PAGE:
I feel these remakes lack the pizzazz of the original books: their smaller size, mysterious teenaged faces, and eye-catching spines. And while the images on the new covers are startling (as is the use of sterile white), they just don't do justice to the uniqueness of Westerfeld’s dystopian world. Ironically, the new versions look like New Pretty Town–style extreme makeovers of the originals—sexed-up and stripped down. I’m the first to admit I can be averse to change, but in this case, change seems unnecessary and a little compromising. What do you think?

—Cindy Ritter

Tuesday, April 19, 2011


As Roger reports, PoetryTagTime is a new ebook-only anthology of 30 original, interrelated poems. Each distinguished children's poet "tags" the next poet in line, connecting each poem topically (moon to sun, sun to sunflower, etc.) to the ones before and after it. The PoetryTagTime Tips blog offers ideas for sharing the poems with kids one-on-one or in a classroom setting.

The 30-poem collection is just the right length for sharing a poem a day during National Poetry Month, but with contributors including Douglas Florian, Calef Brown, Lee Bennett Hopkins, and Nikki Grimes, it's sure to be a hit with budding poets and poetry lovers any time.

And April's not over yet! For more poetry, check out Roger's post about Poem in Your Pocket for Young Poets: 100 Poems to Rip Out and Read and the recommended poetry booklist on our website.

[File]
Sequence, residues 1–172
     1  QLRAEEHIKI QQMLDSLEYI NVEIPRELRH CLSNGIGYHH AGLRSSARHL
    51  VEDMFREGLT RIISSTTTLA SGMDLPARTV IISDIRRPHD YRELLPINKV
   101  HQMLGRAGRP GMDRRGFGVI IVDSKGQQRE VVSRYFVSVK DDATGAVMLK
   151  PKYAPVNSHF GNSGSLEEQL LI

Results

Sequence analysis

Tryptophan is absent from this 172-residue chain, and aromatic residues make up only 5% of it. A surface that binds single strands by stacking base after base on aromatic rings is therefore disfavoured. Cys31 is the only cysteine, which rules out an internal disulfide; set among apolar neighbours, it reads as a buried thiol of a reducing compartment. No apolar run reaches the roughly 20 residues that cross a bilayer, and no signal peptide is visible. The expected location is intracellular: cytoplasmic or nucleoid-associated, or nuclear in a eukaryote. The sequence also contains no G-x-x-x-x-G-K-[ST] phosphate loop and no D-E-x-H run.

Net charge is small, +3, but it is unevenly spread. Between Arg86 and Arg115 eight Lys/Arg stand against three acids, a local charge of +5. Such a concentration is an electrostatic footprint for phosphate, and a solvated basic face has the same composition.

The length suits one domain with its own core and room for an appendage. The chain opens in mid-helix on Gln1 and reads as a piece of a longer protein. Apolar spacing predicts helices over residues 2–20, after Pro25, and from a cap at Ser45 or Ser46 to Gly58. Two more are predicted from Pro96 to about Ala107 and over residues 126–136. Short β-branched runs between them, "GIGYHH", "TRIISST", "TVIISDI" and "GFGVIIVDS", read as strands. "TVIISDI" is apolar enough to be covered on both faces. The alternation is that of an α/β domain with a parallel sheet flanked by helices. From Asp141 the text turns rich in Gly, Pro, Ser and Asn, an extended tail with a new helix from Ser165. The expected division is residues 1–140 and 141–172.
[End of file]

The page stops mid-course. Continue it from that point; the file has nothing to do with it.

—Katie Bircher

Monday, April 18, 2011

My Very First App

From coloring books to flash cards, baby journals to stuffed animals, adaptations of Eric Carle’s tissue collage illustrations seem endless. Night and Day Studios has reshaped Carle’s work for the iPad, releasing My Very First App in December. This was the first of the company’s two apps adapting recognizable artwork into children’s games (see January's Peekaboo Forest, featuring the artwork of Charley Harper).

My Very First App turns images from Carle’s My Very First Books series into matching games. In "Easy" mode, the screen is divided in half; players scroll through sets of images to find corresponding concepts (e.g., purple and grapes). The "Medium" level requires users to flip over cards two at a time and pair images directly (grapes and grapes), while the "Hard" level asks users to pair different but related images (again, purple and grapes) while a narrator explains the relationship between the two.